Finally, the March payrolls results were a total disaster. Only 88 thousand jobs were added, not the almost 200 thousand that were expected. And even this figure was boosted by the magical Birth/Death model which conjured up almost 100 thousand jobs out of thin air. Average hourly earnings stagnated’ they were supposed to rise 0.2%. And worst of all, almost 500,000 people left the workforce pushing the labor force participation rate down to its lowest level since 1979. This means that the job market is so bad that folks are giving up even bothering to look, while at the same time the overall population of the nation is growing. And perversely, this massive exodus from the labor force is what caused the headline unemployment rate to actually drop. It dropped not because the labor market got better. It dropped because the labor market is so bad that unemployed people give up even trying to find a job…..and this means that they’re no longer counted as being unemployed!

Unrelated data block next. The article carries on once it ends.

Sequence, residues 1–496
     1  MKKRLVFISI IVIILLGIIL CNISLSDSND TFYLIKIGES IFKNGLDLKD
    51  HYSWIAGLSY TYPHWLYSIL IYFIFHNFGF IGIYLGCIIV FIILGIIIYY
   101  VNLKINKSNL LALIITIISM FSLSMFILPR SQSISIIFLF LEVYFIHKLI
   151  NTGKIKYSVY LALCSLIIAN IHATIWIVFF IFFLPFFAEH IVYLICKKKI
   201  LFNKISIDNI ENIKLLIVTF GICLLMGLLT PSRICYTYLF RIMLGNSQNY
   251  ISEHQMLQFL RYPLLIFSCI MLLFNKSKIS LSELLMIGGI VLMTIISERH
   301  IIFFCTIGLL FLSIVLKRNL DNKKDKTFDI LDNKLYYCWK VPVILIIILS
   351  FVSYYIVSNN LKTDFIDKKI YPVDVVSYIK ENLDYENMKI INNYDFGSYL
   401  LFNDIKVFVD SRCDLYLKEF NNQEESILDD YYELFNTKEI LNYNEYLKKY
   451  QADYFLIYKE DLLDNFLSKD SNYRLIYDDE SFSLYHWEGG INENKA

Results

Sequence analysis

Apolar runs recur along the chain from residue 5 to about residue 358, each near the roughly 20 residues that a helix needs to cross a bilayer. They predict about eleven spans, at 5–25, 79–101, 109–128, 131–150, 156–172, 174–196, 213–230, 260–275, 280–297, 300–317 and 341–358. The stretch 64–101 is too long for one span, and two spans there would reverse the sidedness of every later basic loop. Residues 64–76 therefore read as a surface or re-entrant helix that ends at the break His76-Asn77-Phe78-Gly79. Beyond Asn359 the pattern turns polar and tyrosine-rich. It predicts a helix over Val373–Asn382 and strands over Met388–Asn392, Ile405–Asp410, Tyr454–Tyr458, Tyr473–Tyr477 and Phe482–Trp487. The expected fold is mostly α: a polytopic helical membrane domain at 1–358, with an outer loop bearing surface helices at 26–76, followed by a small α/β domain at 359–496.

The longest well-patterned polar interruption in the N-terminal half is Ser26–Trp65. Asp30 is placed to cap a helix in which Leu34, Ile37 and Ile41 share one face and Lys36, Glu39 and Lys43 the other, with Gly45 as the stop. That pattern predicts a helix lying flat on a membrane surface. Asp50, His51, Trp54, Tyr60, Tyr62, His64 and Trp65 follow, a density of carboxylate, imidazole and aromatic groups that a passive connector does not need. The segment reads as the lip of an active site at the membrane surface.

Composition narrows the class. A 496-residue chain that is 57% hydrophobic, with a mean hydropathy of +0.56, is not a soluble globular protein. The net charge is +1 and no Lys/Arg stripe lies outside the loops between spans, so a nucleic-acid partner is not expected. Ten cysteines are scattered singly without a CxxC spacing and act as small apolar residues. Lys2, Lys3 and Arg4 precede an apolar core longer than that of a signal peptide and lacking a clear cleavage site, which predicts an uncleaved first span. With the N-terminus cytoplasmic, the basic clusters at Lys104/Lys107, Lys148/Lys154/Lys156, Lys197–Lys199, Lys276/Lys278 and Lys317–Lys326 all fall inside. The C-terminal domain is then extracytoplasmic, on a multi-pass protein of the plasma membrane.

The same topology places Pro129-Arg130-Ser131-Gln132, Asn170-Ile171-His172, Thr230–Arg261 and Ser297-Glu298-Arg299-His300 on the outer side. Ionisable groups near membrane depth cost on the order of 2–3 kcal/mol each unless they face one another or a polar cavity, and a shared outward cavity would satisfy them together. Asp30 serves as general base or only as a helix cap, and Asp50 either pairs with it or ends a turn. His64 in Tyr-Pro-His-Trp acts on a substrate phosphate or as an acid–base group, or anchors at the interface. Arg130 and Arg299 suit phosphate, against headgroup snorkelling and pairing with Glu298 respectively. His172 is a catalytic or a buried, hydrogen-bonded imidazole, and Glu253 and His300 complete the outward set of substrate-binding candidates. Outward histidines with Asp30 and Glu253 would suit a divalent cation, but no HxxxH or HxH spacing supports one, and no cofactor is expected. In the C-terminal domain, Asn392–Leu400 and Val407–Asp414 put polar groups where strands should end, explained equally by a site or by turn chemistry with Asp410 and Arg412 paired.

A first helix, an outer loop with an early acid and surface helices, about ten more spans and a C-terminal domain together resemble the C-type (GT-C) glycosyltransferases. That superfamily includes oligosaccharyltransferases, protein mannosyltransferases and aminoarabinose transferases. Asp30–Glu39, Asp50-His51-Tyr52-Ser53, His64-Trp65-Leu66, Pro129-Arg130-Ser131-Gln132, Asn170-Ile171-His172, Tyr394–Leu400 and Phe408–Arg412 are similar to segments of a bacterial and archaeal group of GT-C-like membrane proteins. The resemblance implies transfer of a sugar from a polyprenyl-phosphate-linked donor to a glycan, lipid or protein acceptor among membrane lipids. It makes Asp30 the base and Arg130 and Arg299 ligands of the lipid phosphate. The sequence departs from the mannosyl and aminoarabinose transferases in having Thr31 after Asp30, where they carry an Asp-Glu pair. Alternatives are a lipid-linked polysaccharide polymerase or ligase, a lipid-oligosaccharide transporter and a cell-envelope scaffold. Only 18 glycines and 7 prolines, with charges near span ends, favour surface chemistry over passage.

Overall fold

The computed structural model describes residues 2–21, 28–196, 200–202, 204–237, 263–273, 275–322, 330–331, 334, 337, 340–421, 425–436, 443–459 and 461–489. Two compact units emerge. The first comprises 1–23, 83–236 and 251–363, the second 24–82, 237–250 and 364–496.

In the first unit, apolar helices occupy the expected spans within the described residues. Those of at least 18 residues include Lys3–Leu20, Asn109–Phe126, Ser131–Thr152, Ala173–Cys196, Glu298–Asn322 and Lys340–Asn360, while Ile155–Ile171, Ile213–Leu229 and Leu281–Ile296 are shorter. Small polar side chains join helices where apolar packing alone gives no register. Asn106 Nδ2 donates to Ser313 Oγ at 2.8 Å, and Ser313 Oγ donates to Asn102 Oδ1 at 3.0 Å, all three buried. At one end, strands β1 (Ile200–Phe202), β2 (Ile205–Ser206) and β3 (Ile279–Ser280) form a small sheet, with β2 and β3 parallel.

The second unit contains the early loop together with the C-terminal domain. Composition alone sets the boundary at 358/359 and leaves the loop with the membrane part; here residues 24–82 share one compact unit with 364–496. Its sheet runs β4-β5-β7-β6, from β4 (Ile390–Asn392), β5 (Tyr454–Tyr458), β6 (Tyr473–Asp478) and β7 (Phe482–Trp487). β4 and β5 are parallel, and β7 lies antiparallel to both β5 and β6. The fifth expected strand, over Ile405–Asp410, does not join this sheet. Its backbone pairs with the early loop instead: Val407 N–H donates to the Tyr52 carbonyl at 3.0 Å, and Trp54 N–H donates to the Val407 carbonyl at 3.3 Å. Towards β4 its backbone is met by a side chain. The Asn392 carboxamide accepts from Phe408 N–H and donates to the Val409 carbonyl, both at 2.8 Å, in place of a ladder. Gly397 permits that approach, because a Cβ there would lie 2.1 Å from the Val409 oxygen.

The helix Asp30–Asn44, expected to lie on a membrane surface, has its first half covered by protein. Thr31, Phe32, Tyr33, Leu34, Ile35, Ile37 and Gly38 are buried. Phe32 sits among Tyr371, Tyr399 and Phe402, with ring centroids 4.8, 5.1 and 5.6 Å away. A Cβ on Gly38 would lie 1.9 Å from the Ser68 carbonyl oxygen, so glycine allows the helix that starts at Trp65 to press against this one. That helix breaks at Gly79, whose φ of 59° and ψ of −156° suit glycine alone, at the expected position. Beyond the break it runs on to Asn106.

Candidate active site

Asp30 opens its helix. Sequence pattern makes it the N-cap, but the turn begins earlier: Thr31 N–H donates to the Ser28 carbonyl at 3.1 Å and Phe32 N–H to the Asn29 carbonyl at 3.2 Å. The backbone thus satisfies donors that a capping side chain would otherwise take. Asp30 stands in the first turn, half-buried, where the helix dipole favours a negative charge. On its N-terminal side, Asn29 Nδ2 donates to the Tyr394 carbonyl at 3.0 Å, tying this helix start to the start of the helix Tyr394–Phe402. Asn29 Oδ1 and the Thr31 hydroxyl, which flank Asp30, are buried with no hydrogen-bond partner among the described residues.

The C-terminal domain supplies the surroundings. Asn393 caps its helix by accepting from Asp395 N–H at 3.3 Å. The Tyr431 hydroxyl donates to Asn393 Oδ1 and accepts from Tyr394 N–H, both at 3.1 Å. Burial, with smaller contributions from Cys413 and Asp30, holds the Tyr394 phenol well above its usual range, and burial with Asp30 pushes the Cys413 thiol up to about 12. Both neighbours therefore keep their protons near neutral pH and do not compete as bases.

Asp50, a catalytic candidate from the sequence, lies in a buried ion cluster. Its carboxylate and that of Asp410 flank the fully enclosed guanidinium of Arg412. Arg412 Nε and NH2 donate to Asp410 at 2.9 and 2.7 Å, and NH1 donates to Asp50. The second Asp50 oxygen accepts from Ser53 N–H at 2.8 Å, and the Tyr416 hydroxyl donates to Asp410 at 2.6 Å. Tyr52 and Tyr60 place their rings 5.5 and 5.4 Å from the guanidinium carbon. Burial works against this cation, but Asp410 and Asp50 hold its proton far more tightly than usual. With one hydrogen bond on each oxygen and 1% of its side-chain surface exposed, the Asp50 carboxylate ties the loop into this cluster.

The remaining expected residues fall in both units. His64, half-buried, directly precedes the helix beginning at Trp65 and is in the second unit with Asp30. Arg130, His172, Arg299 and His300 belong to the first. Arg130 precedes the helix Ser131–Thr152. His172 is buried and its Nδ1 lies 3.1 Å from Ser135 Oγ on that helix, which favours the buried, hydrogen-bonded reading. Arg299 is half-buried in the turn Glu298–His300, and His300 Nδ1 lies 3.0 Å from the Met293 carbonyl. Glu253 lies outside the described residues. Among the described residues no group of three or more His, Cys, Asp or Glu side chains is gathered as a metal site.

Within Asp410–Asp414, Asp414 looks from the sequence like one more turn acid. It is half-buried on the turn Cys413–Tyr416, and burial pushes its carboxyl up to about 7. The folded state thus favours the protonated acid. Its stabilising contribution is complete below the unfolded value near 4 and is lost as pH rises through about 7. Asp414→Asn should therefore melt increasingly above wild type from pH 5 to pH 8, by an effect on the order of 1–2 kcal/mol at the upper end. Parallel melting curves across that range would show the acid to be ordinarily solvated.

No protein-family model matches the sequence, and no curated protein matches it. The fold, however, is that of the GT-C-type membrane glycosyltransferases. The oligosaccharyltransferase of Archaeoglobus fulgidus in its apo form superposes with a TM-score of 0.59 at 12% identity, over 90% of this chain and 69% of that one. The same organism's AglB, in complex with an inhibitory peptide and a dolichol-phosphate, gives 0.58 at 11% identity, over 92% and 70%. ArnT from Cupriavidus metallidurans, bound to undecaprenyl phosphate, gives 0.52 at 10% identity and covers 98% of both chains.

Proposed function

Technically, the US stock markets are still very over bought. It would take a drop of at least 5%, and better yet 10%, to conclusively relieve this over-stretched condition. Breadth continues to weaken and price appears to be losing its upward momentum. Upward volume, as already noted, is not strong. So the technical picture is still one where the risk to the downside seems to be greater than the risk that the market will suddenly surge much higher.

Again, a wide variety of catalysts could spark such a move lower. In the US, economic growth fears or concerns about corporate profits or even doubts about the commitment of the Fed to easy money ALL could do the trick. Internationally, problems in euro-land, the middle east, or Asia could also do the trick. Worst of all, would be the catalyst that nobody has on their radar screens.,…the unknown, unknown. If such a risk were to materialize, then the markets would certainly not be prepared.